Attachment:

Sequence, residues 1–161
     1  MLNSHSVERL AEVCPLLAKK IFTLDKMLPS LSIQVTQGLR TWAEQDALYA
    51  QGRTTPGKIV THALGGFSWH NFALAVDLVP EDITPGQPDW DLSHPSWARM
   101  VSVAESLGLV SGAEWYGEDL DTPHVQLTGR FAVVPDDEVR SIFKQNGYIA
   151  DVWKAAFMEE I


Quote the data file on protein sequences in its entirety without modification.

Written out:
Sequence, residues 1–161
     1  MLNSHSVERL AEVCPLLAKK IFTLDKMLPS LSIQVTQGLR TWAEQDALYA
    51  QGRTTPGKIV THALGGFSWH NFALAVDLVP EDITPGQPDW DLSHPSWARM
   101  VSVAESLGLV SGAEWYGEDL DTPHVQLTGR FAVVPDDEVR SIFKQNGYIA
   151  DVWKAAFMEE I